Gofor

470 posts in 2413 days


#13 posted 1383 days ago

I THINK what you have used is a 2 part epoxy. If so, you can sand it to remove the lint and bump, also making sure you dull any glossiness (check after tack ragging to make sure). The new coating will not penetrate catalyzed epoxy, so needs some “tooth” (microscopic roughness) to bite into to adhere. I would sand down to 320 grit, 400 max to keep as much clarity as possible in the surface. Use rougher in the flawed areas if necessary. Wet sanding is acceptable.

Then recoat with the finish of your choice, preferably an oil-based poly or phenolic varnish. For durability I would not use a water-based coating. I would use at least 2 coats of the semigloss or satin, using a thinned first coat (i.e. wipe-on or sprayed) to let it penetrate and grab the “teeth”. However, overcoating with poly or varnish will give a somewhat less durable finish than the catalyzed epoxy. Don’t go cheap on the topcoat. That table is way too pretty to use substandard coatings!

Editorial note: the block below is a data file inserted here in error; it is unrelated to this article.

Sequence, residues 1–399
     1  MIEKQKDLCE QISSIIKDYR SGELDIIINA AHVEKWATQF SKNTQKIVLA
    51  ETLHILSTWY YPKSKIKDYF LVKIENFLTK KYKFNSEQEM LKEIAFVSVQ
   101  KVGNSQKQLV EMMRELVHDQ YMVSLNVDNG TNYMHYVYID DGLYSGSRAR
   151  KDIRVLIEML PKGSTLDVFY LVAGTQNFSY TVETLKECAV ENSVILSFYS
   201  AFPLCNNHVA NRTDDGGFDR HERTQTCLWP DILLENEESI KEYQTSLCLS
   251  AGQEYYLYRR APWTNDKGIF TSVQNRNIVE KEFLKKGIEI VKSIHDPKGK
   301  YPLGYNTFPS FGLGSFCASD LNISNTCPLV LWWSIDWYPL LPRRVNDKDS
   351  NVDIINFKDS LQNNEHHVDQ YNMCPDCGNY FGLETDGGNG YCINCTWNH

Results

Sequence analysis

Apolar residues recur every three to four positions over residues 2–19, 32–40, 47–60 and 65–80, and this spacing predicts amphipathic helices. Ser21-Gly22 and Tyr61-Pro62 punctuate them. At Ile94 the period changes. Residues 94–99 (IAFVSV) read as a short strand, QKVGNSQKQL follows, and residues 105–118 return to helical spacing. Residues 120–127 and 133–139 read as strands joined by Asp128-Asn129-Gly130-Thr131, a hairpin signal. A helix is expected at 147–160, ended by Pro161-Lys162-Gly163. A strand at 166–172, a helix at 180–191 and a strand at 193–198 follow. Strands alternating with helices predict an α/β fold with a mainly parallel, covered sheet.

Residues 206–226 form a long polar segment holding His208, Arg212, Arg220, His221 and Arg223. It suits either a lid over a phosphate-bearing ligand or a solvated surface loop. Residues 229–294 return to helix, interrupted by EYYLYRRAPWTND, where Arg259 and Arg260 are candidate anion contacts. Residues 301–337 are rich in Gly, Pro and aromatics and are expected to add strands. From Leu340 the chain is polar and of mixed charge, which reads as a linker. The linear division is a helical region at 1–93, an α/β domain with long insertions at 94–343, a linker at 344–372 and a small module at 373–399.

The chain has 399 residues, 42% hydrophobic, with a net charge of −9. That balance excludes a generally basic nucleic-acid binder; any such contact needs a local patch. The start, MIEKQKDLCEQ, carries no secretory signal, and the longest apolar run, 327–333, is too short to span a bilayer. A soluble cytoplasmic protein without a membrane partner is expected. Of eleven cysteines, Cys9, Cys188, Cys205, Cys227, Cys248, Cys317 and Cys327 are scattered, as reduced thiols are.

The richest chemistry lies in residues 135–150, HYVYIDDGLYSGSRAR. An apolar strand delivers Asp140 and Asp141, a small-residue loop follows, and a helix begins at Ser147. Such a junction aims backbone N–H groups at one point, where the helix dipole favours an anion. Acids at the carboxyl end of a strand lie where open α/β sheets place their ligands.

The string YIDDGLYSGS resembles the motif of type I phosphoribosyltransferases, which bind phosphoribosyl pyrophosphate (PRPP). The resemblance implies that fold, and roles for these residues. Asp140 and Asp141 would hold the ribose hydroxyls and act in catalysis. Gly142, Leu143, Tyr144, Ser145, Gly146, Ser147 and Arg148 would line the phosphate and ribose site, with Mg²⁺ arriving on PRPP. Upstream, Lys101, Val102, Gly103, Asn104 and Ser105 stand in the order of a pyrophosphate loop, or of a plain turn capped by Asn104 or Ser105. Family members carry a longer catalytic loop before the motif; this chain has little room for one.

If you still have the container, or remember it saying things like methylethyl ketone, toluene, etc and it was two components mixed together, that was probably it. It also should have contained warnings about fumes and using respiratory protection, especially for 30 minutes after mixing, and should have said something about “stand-time” after mixing and before applying.

If it is a poured acrylic resin, you may have trouble getting a topcoat to adhere to it, even with sanding (you are basically trying to paint plastic.) It may work, but maybe someone more familiar with coating plastics can give more advice. In this case, the poly will be a more durable coating than the plastic resin. In theory, as long as it is clean and has some tooth to grab to, it should work well. If it said “water clean-up” etc, it was probably an acrylic.

If possible, try it on an underside or inside leg surface first if that is coated like the top, to see your results.

Go

PS: I used 2 and 3 part epoxies and polyurethanes in the aircraft industry, as well as painting boats, so know that recoating them is a common practice.

-- Go http://ncwoodworker.net/pp/showgallery.php?cat=500&ppuser=730